A New Year’s Wish: Why Not Try More Beneficial Benefit Planning?


A New Year’s Wish: Why Not Try More Beneficial Benefit Planning?

As the mountain of new-year, new-law, alerts and warnings mounts, wouldn’t it be nice if sponsors and their advisors paid a little more attention to the beneficial purposes of a benefit plan?

Of course, lawyers and actuaries cannot be expected to ignore the potential for problem-discovering, alert-related, problem-solving, business-generating, fee-generating professional work growing out of the new law, new FASB rules, new SEC rules, new regulations, and the like. The profit opportunities are too great to ignore.

But wouldn’t it be nice if we also helped our clients to remember the serious needs of their employees and the benefit-planning opportunities that are the real reason why these plans developed in the first place?

What, exactly, does that mean?

How about some of these now-controversial ideas: Maybe considering how NOT to terminate, or NOT to freeze? Or at least how NOT to completely freeze a defined benefit plan? Or how about even perhaps doing the unthinkable and establishing new (but modest) DB plans, while diminishing the cash-flow risks (e.g., using more conservative actuarial assumptions, methods, and benefit definitions, and eschewing unpredictable contingent event benefits, limiting new unfunded past service credits)? After all, the "normal cost" of DB plans is not often the land-mine or booby-trap – it’s the present value of unfunded accrued liability where the risk lies, and, with care, that risk can be diminished or even avoided.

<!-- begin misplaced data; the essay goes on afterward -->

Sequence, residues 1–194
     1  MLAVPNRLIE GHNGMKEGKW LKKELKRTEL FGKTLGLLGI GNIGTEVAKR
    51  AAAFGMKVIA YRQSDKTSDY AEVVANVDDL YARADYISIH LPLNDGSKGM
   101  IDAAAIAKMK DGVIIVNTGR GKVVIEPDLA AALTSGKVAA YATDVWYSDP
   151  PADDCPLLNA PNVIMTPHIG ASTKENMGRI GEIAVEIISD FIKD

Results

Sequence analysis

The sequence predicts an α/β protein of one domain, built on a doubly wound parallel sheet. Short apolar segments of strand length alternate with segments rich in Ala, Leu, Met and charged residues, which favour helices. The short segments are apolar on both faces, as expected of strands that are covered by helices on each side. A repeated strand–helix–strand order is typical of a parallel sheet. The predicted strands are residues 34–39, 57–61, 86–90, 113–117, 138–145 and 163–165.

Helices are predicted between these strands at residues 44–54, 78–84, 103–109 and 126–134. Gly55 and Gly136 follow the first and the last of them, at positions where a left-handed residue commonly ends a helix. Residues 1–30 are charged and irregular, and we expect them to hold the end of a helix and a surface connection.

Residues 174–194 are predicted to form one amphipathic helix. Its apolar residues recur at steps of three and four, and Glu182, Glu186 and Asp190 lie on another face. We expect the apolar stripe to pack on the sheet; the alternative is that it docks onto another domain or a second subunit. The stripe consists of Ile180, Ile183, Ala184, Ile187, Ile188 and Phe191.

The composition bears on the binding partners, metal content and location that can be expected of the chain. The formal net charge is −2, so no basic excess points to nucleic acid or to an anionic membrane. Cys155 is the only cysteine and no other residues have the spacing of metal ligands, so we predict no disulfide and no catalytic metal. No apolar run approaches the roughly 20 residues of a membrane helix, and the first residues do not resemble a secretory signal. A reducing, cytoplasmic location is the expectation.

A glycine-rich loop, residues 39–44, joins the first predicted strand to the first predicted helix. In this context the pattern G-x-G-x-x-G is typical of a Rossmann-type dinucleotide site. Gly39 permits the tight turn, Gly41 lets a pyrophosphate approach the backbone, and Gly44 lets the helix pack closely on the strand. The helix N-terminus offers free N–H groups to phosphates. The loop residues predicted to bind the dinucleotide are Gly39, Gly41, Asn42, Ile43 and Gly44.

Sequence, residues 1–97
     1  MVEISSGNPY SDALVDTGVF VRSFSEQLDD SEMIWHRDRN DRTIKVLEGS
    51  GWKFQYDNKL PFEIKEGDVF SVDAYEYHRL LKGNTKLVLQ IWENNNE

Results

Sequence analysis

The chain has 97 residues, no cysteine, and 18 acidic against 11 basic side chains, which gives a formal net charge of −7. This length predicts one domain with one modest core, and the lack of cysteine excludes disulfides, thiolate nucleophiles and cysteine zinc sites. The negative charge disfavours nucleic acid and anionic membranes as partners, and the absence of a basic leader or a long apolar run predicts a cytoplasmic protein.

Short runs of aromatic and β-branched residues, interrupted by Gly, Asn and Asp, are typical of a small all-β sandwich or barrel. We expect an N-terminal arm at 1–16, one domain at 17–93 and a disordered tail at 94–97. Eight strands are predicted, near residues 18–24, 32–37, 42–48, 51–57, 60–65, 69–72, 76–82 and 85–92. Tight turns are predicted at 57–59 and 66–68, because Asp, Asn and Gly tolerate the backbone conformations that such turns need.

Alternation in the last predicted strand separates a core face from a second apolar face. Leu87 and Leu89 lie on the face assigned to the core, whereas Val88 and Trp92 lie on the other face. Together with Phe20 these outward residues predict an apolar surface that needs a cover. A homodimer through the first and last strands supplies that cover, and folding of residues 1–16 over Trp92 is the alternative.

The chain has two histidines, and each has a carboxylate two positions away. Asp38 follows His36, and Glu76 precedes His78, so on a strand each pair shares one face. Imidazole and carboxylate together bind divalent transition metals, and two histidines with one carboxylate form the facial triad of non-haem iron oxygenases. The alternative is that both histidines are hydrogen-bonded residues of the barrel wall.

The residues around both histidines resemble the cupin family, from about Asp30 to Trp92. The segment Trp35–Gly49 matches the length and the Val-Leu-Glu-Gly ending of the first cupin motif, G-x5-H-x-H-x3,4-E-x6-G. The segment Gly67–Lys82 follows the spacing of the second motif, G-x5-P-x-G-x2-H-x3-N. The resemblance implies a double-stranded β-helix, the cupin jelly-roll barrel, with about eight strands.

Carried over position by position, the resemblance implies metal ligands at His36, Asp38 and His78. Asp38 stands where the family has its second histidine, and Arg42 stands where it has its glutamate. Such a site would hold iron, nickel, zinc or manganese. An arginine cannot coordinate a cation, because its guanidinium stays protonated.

And how about combining modest DB plans with 401(k) supplements (many proponents’ original idea behind 401(k) plans in the first place)?

And how about putting some new restraints on DC plan cashouts, so that lower-paid employees (those who need pensions the most) are not the ones with the most cashouts? After all, 401(k) plans were invented to be retirement plans, not mere receptacles for short-term savings.

And so on.

This isn’t rocket science. It’s a question of role definition(s). The temptation to view plan sponsorship and "settlor functions" as a cash opportunity for employers (stockholders) may be real and substantial. But in a world in which outside advisers have taken on such a large role, perhaps we professional should remember, at least, the advice of a famous lawyer and outside general counsel who once wrote that he considered one of the primary responsibilities of outside counsel to be this: on an appropriate occasion, when asked to opine on a proposal that would be lawful but perhaps completely shortsighted, to look your client in the eye and say (what inside lawyers might not feel free to say): "You are damned fools and should stop." (Sol Linowitz, The Betrayed Profession, p. 4 (New York, Charles Scribner’s Sons, 1994), p. 4, quoting lawyer, cabinet member, diplomat, and Nobel Prize winner Elihu Root, ).

It takes some guts for a professional to say it, and it takes some character for a client to pay heed to it, but what a New Year that would be.